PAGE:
Ushering in good governance has become a favourite slogan of all political parties. Any well accepted definition of good governance includes institutional, procedural and legal guarantees for speedy dispensation of justice. This concept has been incorporated into the Virginia Declaration of Rights of 1776 and later into the Sixth Amendment of the Constitution of the United States of America. There is also a Federal Act of 1974 called “Speedy Trial Act” which establishes a set of time limits for carrying out the major stages of the trial. The right to speedy trial is recognised as a common law right flowing from Magna Carta. This is the accepted view in the United Kingdom, Canada and New Zealand. Under Article 14 of the International Convention of Civil and Political Rights, 1966, the right to a speedy trial is recognised. Article 3 of the European Convention of Human Rights also provides for it. The scope of Article 21 of the Constitution of India pertaining to protection of life and personal liberty has been interpreted widely by the Supreme Court to provide against delays in bringing the accused to trial and ensure speedy trial. The Court has also declared that a procedural law is void if it does not provide for speedy trial and that speedy trial is a component of personal liberty. In spite of this enunciation, this right has continued to be neglected.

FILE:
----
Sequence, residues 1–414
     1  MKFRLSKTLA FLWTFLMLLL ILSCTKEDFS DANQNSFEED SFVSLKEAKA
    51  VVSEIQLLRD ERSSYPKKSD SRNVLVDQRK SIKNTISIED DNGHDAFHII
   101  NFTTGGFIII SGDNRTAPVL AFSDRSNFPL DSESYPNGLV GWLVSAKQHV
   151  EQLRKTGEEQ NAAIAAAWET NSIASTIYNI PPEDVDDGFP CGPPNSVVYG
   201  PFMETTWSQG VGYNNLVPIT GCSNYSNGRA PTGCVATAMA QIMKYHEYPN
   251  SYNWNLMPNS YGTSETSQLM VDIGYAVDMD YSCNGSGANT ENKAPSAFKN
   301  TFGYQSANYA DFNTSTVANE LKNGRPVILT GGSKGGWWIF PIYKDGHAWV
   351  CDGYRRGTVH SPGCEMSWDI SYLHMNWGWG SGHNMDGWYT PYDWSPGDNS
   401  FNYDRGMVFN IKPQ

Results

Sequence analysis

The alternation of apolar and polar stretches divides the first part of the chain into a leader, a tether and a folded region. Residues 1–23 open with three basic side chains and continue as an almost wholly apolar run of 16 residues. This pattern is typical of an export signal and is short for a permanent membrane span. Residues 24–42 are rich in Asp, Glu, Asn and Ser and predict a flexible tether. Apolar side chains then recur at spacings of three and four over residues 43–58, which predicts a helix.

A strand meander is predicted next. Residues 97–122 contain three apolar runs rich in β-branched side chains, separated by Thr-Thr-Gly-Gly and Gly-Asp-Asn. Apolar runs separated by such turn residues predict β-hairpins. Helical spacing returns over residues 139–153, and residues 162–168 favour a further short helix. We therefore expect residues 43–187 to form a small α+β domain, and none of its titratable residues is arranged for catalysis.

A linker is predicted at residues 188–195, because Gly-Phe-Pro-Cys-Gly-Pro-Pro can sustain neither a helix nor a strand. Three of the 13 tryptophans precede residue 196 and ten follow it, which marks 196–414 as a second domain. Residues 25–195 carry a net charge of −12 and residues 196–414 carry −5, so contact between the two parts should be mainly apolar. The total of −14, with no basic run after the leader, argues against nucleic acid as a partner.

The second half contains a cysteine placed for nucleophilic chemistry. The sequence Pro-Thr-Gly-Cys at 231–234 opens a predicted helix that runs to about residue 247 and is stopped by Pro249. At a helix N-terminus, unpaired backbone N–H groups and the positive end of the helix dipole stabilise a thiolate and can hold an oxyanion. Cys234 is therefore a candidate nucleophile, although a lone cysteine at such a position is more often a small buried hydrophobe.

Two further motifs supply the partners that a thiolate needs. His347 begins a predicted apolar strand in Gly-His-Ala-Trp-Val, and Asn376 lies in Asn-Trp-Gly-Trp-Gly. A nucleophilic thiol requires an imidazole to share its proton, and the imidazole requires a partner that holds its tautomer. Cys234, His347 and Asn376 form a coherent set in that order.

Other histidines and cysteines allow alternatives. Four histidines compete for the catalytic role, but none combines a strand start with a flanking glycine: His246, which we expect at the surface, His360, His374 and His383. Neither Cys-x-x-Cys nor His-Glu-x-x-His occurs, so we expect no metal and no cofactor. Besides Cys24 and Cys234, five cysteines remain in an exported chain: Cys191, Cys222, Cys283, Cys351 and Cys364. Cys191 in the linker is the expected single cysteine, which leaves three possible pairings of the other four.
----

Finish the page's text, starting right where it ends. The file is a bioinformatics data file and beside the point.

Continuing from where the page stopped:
Sir, you have brought home the power of tremendous personal political clout and popular support enjoyed by a leader of a non-Congress party, for the first time in the country. In fact, your coming to power has seen the very unusual combination of presidential and parliamentary systems operating together. However, there are legitimate apprehensions that, as in the Indira Gandhi regime, forces of majoritarianism may come into play, leading to weakening of institutions vital for strengthening and sustaining democracy. In such a situation, the institution of judiciary must not be weakened in any way. Success of democracy lies in institutionalised system of checks and balances. In this context, it will be pertinent to recall some significant judgements of the Supreme Court of India which were responsible for the survival of not just the democracy but of the Constitution itself during the notorious Emergency (1975-77). These included, among others, Kesavananda Bharati case, Bank Nationalisation case, Privy Purses case and Minerva Mills case. In spite of the shocking majority judgment of the Supreme Court upholding the suspension of rights under Articles 19 and 21 of the Constitution, the dissenting judgment of Justice HR Khanna in ADM Jabalpur vs Shukla case, helped in sustaining the confidence of the beleaguered nation. Justice Khanna had underlined that “The State has got no power to deprive a person of his life or personal liberty without the authority of law. That is the essential postulate and basic assumption of the rule of law in every civilized society.” The concept of basic structure of the Constitution enunciated by the Supreme Court during the period has been invaluable for sustenance of democracy, secularism and the rule of law in the country. The Supreme Court has also laid down that a procedure prescribed by any law must be reasonable, fair and just. In Bommai and other cases, the Court has declared that even orders of the President of India must conform to the tenets of the Constitution and are liable to be scrutinised by the Court.